Other non-financial returns are found in our approach to building community. We host monthly peer group gatherings with investees where they can share their challenges and successes, and their expertise. This is building a community of entrepreneurs that become invested in each other’s success, and we are starting to see collaborations between enterprises. As well, we host semi-annual ‘all community’ gatherings that bring Thrive Impact Fund team, investment committee, investees and investors together for shared learning and connection. The benefits of connection and relationship are innumerable.

Jen: Can you describe how you use integrated capital to do your work?

Kristi: We have long-standing networks across the regions where we work, and have provided coaching, consulting, programs and events since 2014. Our long-standing partnerships include local credit unions, post-secondaries, Community Futures loan funds, developmental lenders and foundations. Our approach to integrated capital is to match the right type of capital to the need of the project/entrepreneur. We work extensively at the front end of the investment process to identify the right financial mix—and help bring in other partners from our network to build out the right mix. Every deal we have done so far has involved a mix of partners, from grantors to venture funds. It is integrated capital in action!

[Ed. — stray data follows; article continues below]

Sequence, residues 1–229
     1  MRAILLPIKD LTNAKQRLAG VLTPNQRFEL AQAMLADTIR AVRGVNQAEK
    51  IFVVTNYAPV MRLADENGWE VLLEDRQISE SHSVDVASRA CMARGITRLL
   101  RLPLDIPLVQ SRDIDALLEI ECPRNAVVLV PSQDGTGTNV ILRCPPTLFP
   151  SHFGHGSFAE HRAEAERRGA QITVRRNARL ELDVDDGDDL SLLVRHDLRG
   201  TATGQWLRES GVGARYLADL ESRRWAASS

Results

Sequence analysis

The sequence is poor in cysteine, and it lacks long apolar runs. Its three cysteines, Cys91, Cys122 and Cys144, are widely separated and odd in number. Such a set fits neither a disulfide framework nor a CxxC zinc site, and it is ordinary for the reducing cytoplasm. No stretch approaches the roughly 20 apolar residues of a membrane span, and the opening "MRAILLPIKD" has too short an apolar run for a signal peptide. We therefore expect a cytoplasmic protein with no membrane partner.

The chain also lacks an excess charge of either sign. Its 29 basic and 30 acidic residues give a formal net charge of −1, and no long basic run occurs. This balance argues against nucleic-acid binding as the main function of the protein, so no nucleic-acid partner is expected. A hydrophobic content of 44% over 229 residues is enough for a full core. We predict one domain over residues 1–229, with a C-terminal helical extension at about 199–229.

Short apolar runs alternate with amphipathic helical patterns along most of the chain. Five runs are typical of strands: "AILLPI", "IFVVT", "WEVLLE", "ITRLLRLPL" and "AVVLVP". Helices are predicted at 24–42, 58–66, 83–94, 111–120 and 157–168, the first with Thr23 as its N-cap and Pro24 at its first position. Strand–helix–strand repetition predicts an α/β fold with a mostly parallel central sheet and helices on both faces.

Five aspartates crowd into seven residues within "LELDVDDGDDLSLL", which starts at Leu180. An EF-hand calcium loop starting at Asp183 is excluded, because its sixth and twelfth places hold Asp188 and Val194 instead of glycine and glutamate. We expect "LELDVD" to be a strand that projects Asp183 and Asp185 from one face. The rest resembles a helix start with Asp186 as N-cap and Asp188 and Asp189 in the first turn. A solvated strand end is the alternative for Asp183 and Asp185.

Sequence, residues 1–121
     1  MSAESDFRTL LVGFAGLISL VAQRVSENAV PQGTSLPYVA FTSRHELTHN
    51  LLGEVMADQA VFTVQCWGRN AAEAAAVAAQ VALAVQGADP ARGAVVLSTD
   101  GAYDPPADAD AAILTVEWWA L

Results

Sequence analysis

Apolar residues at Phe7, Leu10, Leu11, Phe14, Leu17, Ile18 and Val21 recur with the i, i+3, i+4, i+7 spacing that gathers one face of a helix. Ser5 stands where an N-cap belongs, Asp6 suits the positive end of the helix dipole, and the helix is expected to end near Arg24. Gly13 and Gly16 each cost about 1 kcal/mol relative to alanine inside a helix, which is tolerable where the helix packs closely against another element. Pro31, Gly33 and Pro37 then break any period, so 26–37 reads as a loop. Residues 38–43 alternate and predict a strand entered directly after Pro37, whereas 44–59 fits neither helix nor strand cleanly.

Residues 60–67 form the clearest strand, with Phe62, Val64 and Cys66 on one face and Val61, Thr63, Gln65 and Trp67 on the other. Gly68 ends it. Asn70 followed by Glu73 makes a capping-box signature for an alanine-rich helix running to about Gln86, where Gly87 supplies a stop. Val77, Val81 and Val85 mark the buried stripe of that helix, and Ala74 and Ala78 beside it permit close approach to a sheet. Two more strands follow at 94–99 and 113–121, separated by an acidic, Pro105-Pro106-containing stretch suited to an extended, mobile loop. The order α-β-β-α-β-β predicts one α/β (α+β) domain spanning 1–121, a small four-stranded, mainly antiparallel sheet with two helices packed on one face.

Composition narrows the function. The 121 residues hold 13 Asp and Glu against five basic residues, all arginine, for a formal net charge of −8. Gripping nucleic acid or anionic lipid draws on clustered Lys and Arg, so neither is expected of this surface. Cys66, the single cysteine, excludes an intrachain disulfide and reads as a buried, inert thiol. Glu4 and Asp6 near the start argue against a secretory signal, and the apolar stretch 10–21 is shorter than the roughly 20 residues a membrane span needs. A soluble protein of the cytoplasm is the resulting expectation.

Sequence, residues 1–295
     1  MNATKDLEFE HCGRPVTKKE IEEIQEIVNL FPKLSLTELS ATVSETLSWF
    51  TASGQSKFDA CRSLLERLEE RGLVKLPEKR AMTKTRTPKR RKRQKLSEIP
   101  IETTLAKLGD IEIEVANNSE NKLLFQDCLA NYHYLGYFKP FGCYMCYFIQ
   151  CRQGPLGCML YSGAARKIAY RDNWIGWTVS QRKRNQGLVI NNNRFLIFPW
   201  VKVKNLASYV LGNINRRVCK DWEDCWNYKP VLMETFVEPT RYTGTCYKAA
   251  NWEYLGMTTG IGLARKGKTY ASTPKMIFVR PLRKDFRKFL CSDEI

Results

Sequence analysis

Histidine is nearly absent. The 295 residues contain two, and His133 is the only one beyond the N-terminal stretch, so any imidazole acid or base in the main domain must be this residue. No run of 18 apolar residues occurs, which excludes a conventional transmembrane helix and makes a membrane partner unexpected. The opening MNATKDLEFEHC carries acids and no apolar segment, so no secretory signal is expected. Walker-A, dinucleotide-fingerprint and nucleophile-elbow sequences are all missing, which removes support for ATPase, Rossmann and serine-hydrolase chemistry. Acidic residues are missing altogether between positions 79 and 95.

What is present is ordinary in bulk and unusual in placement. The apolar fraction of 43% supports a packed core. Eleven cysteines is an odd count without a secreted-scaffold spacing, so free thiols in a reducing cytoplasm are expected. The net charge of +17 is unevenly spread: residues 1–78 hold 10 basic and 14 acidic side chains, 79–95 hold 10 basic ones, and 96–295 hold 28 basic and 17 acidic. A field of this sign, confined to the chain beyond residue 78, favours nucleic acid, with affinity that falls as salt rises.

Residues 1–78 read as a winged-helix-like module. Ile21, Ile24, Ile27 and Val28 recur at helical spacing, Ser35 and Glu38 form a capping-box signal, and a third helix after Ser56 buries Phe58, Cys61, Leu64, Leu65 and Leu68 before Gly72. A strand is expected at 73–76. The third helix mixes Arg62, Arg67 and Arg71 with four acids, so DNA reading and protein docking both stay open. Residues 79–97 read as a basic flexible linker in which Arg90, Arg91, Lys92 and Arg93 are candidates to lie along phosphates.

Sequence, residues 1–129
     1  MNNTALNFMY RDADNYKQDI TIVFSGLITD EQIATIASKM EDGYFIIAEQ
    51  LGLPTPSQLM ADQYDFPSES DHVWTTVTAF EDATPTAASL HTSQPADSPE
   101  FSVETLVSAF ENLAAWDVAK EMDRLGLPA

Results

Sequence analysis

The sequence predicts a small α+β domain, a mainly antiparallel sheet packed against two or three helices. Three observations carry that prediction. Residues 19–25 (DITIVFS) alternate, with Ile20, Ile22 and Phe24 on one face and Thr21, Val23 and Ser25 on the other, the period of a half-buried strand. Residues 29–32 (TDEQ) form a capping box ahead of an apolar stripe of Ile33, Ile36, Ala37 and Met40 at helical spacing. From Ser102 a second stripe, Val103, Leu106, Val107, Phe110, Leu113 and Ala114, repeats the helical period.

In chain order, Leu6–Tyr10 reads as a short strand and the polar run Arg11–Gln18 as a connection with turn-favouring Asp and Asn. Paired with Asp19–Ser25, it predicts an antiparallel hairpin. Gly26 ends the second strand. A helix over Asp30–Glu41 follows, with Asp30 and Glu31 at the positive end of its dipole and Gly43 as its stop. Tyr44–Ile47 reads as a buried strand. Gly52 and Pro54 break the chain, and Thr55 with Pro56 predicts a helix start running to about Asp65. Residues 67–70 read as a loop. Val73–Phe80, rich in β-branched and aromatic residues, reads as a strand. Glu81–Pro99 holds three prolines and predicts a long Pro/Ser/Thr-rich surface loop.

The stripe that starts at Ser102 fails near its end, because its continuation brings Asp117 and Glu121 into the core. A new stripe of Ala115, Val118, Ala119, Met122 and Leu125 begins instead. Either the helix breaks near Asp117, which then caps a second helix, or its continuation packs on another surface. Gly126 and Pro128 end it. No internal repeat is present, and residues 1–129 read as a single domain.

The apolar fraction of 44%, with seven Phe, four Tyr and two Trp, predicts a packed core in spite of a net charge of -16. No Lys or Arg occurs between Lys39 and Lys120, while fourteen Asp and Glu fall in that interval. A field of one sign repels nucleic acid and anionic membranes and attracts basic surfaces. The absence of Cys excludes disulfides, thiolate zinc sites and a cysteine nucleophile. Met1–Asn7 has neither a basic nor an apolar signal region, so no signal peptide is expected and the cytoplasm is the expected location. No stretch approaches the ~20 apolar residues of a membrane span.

Jen: How do you address racial justice, income inequality, and/or gender justice through your products and services?

Kristi: Thrive Impact Fund’s first goal is to bring investment justice to a sector that lacks access to flexible and patient capital. The non-profit sector is focused on social, environmental and cultural change, and investments in such organizations lead to healthier communities. 80% of non-profits are led by women, and one of our specific mandates is to address the scarcity mindset that can pervade the sector, with this being felt more acutely by women leaders. Our second goal is to finance social entrepreneurs that face similar barriers to capital due to bias, risk perception and lack of collateral. In our region, this tends to be Indigenous people, women and newcomers to Canada. The types of organizations we invest in are advancing a wide array of solutions, from income opportunities for writers and artists on a remote island, to citizen-led water testing, to non-toxic glow sticks.

Jen: Can you share with us an example of an investment?